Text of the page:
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Local News

  • Students get a crash course in texting

    Staff writer/photographer

    A 16-year old male driver was typing a text message into his phone when he almost rear-ended a motorcycle, veered off the right side of the road then hit a deer.

    A 16-year old girl fared little better, repeatedly crossing the center line on a two-lane road while typing her name into her phone’s keypad.

    “She was pretty much over the center line all the time,” said James Gray of the Kentucky Office of Highway Safety.

  • 2 roads to receive emergency road aid

    General Manager

    Two rural roads in Henry County damaged by water and heavy rain soon may be repaired.

    The Henry County Fiscal Court voted last week to utilize $70,000 in emergency road aid from the state to repair crossings on Six Mile Road and Turkey Run Road.

    According to Henry County Judge-Executive John Logan Brent, a crossing on Six Mile Road took damage several times this summer because of heavy rain. Some concrete and a pipe were washed out.

  • Pleasureville Florist holding holiday open houses

    Executive Director, Henry county Chamber of Commerce

  • Bridge completion date moved back

    Staff writer/photographer

    The end to the project to build a new bridge on U.S. 421/Kentucky 55 at Campbellsburg has been pushed back ... again.

    Louisville District Department of Highways Public Information Officer Andrea Clifford said contractors hope to have work completed by Christmas.

    Originally slated for a September reopening, many set-backs have occurred.

    Geological problems necessitated more blasting. Then, an increase in train traffic through the area threw off the schedule.

  • The way we were

    General Manager

    In her younger days, Dorothy Fetter was a figure skater. She was a member of the Louisville Figure Skating Club and U.S. Figure Skating Association. Her oldest son is a professional ice skater.

    Fetter, a native of Princeton, Ind., also was an airplane riveter before she started a family. Her marriage of 56 years produced four children, and she is the proud grandmother of 17, and great grandmother to 23.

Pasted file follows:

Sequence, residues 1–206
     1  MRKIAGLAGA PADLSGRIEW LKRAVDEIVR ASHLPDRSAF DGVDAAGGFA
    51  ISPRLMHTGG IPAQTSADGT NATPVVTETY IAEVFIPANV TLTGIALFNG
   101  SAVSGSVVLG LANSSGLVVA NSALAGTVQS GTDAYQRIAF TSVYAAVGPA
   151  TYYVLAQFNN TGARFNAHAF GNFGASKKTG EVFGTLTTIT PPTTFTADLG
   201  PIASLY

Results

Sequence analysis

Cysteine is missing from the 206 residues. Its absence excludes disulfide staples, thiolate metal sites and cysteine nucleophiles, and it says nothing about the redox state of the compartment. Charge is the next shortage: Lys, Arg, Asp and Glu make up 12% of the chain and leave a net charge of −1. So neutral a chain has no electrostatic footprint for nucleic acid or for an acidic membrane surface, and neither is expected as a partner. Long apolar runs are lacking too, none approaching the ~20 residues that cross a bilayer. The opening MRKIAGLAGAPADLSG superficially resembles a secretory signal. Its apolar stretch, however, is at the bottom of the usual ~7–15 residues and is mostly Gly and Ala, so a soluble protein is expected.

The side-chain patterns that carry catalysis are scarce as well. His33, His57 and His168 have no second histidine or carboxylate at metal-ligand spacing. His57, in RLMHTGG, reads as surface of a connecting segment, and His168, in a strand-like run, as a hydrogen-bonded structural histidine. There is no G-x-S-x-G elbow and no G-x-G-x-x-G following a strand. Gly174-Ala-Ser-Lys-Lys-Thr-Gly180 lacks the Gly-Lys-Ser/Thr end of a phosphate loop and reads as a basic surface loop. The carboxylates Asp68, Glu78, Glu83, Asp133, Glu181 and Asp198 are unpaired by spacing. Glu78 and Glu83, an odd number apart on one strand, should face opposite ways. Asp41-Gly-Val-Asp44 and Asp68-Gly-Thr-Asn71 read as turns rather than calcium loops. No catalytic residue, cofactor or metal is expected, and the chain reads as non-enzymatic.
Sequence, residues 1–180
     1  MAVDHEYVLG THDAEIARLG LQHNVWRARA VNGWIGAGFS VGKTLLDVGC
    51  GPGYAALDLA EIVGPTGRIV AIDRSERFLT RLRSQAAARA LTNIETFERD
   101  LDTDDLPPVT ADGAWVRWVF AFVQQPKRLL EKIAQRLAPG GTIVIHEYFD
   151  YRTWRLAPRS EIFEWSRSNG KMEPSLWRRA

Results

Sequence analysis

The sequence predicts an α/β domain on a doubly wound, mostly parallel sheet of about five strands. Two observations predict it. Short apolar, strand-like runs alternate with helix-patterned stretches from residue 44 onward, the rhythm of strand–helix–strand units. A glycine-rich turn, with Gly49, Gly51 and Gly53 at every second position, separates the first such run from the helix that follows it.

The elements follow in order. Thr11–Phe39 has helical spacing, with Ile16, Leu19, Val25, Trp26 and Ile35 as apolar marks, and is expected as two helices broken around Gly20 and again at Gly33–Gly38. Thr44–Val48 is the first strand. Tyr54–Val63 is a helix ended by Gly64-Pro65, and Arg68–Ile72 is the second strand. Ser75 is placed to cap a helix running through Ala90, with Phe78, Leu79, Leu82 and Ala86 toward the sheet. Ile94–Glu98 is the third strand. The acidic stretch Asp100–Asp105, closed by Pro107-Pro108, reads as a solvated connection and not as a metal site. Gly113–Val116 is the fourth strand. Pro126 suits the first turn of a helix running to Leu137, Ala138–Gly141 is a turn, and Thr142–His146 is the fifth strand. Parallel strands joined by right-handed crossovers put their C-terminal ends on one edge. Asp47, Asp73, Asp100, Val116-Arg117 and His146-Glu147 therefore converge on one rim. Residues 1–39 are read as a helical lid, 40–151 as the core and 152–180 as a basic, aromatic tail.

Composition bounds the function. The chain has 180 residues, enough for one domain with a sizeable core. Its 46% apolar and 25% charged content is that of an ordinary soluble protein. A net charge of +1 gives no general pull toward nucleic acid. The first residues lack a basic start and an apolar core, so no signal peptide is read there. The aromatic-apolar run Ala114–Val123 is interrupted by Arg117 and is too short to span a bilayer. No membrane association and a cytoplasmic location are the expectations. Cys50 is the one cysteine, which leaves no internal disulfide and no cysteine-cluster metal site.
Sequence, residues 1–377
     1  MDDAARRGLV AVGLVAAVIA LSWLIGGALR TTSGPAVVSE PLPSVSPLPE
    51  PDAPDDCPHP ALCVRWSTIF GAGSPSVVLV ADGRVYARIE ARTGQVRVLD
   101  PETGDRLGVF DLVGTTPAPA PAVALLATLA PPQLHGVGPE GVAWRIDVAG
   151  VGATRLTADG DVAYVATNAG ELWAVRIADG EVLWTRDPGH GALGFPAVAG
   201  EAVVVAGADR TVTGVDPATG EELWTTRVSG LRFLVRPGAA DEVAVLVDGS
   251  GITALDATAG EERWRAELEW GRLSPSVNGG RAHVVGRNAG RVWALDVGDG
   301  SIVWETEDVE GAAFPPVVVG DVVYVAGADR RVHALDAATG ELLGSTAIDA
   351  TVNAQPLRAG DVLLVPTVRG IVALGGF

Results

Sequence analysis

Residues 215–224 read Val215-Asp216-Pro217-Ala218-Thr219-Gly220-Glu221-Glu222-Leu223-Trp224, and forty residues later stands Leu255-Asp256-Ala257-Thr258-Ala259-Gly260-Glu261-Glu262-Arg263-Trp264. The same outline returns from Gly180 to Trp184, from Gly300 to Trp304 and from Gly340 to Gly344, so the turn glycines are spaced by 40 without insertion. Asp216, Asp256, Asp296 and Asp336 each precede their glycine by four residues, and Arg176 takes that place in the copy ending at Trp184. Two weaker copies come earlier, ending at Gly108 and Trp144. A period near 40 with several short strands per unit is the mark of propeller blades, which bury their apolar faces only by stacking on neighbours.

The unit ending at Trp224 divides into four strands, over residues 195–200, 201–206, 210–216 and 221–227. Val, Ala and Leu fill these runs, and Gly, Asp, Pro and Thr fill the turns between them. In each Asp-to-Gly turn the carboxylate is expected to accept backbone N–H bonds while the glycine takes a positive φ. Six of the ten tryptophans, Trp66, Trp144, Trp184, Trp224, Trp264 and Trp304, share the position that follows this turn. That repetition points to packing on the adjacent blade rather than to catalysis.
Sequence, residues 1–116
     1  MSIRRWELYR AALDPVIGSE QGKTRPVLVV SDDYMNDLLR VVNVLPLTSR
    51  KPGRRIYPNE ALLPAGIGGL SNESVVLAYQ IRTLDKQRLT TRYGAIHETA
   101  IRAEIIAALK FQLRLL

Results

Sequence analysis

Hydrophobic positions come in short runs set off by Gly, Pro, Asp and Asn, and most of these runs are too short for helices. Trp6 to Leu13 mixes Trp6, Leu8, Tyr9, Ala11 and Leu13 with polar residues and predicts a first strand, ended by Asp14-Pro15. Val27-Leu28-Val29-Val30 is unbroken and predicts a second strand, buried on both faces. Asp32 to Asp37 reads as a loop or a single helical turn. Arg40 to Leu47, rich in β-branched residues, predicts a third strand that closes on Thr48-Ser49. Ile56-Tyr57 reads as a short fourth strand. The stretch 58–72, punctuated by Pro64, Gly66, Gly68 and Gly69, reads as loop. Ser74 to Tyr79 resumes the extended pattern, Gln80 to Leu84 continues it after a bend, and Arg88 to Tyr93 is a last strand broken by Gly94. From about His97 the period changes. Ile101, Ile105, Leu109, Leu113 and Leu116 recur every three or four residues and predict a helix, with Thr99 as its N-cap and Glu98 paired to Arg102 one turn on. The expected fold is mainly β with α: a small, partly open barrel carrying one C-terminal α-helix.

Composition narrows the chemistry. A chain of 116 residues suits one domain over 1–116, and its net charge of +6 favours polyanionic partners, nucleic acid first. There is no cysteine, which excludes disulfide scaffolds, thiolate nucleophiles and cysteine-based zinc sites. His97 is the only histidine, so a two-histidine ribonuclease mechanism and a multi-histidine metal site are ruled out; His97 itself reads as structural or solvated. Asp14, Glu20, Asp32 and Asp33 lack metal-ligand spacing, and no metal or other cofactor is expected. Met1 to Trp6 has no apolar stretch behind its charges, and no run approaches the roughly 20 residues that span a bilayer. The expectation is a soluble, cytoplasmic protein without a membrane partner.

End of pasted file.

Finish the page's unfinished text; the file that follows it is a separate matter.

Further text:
• Health Department to give H1N1 vaccines

    Staff writer/photographer

    If you haven’t gotten your H1N1 vaccination yet, it’s not too late.

    H1N1 flu vaccination shots will be offered free of charge at the Henry County Health Department on Friday, Nov. 20, from noon to 2:30 p.m.

    The clinic will follow the Center for Disease Control’s recommendation to administer the vaccine to these target groups:

    • Pregnant women.

    • Health care and emergency medical services personnel.

  • Talking turkey at 2 community dinners

    Staff writer/photographer

    Henry County residents will have at least two opportunities to get a Thanksgiving dinner without doing the cooking themselves.

    On Sunday, Nov. 22, the Eminence Council of Churches celebrates its annual Community Thanksgiving Dinner and Service beginning at 6 p.m.

  • HCPS: Leave contingency funds alone

    Staff writer/photographer

    As members of the Kentucky General Assembly gear up for the 2010 legislative session, some are taking aim at school contingency funds.

    During Monday’s meeting of the Henry County Board of Education, Henry County Public School Superintendent Tim Abrams said some members of the General Assembly have indicated considering requiring school districts to use their state mandated contingency funds for regular operating budgets. Abrams read a resolution to the board that opposed such a plan.

  • Communities gearing up to light up

    Staff writer/photographer

    Henry County communities soon will have visions of sugar plums, melodious Christmas music and breakfasts with a certain jolly old elf.

    Smithfield council member Saundra Smith said Smithfield will throw the switch on its Celebration of Lights Nov. 30.

    Lights, garlands and wreaths will twinkle on lamp posts and greenery throughout the village.

  • He’s a traveling man

    Staff writer/photographer

    Ballard Metcalfe is going places.

    The Eminence High School senior, who also is enrolled at Western Kentucky University’s Gatton Academy of Mathematics and Science, was photographed recently in front of the Library of Congress in Washington, D.C.

    Reportedly, he was cool as a cucumber as he delivered an address to the National Energy Board — a 50-member panel of legislators, policy advocates and business leaders. The topic was greenhouse gas emissions.